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Ferney by James Long, book reviewAs someone with a strong interest in history, I have always enjoyed stories that satisfy my interest in the past at some level. So, I read a lot of historical fiction, but I also like a good time travel/time slip story line, books like The Time Traveler’s Wife, Shadow of Night and 11.22.63. My curiosity was therefore most definitely piqued when I heard that Quercus were planning on rereleasing the best-selling time slip novel Ferney by James Long this month in advance of the long-awaited sequel being released in October. Ferney is a book that has built up something of a cult following after its original release in 1998; when it went out of print, there were tales of copies changing hands on the internet for as much as £85 as so many people still wanted to read it. To say this novel was something of a word of mouth success is a bit of an understatement. It was, then, with a great sense of anticipation that I sat down to read this sleeper hit (which, thanks to the nice people at Quercus, did not cost me such a large amount, I am pleased to say).

Ferney is a mysterious and unusual book indeed. It is 1989, and Mike and Gally have recently married. He feels very protective of his pretty young wife, who has always seemed fragile as a result of a childhood trauma, and all the more so after she experiences a miscarriage. Aware that she seems unsettled living with him in London, they seek out a country house together, eventually buying a tumbledown cottage in deepest Somerset after Gally feels it is the perfect place for them to live, as much for the rich historical landscape that surrounds it as for the feel of the building itself. They move into a caravan on site as the house is slowly repaired, but their happiness at building this new home together is disturbed by local octogenarian Ferney, who makes regular visits to the cottage.

Ferney also seems drawn to this house, and drawn to Gally in particular, who he seems to know an awful lot about. Reluctantly at first and then with more urgency as the old man feels himself moving closer to death, Ferney compels Gally to delve into memories she didn’t know she had – memories of many past Ferneys and Gallys, whose minds become reborn in new bodies once they die, and who are forever drawn together over the centuries, creating a thousand year romance. Ferney insists they can only ever be happy when they can be with each other, but Gally’s growing friendship with and affection for the old man raises conflict with Mike and threatens their marriage. How can she face this inexplicable truth of her existence and be fair to both the men in her life – and what will happen when the current incarnation of Ferney dies and leaves Gally again so soon after she has found him?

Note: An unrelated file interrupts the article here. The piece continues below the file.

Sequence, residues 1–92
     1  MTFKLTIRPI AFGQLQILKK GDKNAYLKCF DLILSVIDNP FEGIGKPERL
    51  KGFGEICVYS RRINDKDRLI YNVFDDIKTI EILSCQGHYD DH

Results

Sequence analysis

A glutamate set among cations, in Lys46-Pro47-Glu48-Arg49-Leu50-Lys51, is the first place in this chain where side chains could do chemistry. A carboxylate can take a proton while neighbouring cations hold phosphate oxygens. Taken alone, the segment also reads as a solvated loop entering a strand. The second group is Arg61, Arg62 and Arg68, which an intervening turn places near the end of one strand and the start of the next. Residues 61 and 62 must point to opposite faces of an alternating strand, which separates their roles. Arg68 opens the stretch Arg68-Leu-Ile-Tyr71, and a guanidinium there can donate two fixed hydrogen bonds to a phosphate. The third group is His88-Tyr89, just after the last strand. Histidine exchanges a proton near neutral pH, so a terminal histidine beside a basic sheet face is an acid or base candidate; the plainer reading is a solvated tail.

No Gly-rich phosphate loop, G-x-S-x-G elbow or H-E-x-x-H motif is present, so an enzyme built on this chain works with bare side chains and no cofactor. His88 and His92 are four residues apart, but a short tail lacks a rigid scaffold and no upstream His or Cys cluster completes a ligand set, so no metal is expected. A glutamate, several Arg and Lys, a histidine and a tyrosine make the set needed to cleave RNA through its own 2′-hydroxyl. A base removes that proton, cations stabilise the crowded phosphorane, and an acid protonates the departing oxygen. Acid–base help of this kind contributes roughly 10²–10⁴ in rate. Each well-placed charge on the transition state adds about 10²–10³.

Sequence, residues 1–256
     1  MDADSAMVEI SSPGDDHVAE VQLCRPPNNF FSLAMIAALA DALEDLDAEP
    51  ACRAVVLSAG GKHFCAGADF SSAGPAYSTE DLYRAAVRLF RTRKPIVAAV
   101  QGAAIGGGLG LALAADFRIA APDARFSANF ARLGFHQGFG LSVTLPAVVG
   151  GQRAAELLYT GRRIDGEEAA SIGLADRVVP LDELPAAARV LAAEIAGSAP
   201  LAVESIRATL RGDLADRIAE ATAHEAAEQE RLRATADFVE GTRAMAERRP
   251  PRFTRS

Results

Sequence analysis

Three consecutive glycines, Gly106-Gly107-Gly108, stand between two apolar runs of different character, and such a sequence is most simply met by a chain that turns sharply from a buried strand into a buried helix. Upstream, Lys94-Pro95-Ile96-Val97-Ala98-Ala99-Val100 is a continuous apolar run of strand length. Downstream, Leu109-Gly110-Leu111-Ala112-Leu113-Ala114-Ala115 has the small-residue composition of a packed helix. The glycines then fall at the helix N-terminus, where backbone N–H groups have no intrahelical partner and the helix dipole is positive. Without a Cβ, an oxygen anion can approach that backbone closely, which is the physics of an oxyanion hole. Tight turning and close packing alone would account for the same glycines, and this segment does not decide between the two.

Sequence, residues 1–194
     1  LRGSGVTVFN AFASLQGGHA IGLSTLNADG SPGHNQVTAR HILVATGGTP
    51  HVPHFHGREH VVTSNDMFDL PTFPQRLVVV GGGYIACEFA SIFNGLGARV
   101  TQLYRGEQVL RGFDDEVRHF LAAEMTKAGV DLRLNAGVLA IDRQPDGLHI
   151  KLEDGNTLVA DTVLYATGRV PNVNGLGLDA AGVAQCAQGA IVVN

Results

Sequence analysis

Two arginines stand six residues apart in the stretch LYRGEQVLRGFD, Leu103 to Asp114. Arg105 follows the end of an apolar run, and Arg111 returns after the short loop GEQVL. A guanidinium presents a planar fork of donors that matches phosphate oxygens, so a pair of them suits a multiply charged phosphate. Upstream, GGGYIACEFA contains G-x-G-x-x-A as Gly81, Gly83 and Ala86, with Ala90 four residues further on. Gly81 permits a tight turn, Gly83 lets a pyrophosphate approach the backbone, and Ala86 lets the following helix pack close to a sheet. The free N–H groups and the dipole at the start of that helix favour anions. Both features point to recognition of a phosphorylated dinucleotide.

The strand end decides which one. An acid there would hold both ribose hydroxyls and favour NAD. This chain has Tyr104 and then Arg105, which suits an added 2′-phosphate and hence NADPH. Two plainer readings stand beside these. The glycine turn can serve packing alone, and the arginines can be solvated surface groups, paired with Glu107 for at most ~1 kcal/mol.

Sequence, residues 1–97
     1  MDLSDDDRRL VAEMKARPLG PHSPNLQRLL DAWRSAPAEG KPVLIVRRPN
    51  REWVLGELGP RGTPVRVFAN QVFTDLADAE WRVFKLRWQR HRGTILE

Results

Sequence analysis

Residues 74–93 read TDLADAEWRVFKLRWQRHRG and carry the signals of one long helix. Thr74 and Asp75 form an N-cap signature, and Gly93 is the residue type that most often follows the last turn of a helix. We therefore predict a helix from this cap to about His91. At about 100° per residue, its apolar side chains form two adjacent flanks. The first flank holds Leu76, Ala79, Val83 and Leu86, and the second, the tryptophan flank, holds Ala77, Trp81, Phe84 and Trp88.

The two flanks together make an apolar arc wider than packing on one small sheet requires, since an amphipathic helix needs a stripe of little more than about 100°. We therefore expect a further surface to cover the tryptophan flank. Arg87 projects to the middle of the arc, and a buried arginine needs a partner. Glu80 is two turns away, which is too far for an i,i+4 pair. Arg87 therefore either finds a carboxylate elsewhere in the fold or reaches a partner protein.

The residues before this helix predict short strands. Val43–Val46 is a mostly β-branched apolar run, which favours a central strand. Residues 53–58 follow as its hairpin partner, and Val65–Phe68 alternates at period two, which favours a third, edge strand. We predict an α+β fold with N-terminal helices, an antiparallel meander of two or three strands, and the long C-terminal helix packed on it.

“What I liked the most, though, was the sense of history that book brought…”

At a little over 500 pages in length, Ferney is quite a substantial read. I found it something of a slow burner and it took me quite a while to really get into the story, as it takes the first half to really build up and get going. (I also spent quite a lot of time trying to reconcile why Mike, who clearly doesn’t like leaving his sensitive wife alone, would think it a good idea to have a house on the other side of the country for her to live in while he works in London and just visits at the weekends – but it is necessary for later parts of the plot to work so I just tried to accept it). However, once things really start to get moving in the second half of the book, I found it increasingly compelling and hard to put down (and managed to ignore the aforementioned inconsistency a lot easier).

This is a book that offers much to the reader prepared to invest the time in it. The love story isn’t saccharine or overly sentimental, and explanation for it that is hinted at is revealed just enough for it to be tantalising. The characters come across as real people, and the prose is enjoyable to read, becoming almost poetic in its descriptions of the countryside that Long clearly loves as much as his protagonists. What I liked the most, though, was the sense of history that book brought – clearly a good deal of research had been done is laying the events of Ferney’s and Gally’s memories down. That Mike is an academic historian whose theories are challenged by Ferney – the man who has lived through and has a different perspective on the events that Mike has only read about – just adds a nice extra layer to proceedings.

By the end of the book I had the feeling that I had just read something that will stay with me a long time, and I am now certainly looking forward to the sequel (The Lives She Left Behind) to learn more of Ferney and Gally’s story. Ferney is not your standard romantic novel, fantasy story or historical tale, but rather a charming blend of all three that is sure to appeal to a wide readership.


Ferney by James Long
Originally published in 1998, I read the 2012 paperback edition released by Quercus.
With thanks to Quercus for providing me with this review copy of Ferney.

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by James Long

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Written by collingwood21

Collingwood21 is a 32 year old university administrator and ex-pat northerner living down south. Married. Over-educated. Loves books, history, archaeology and writing.

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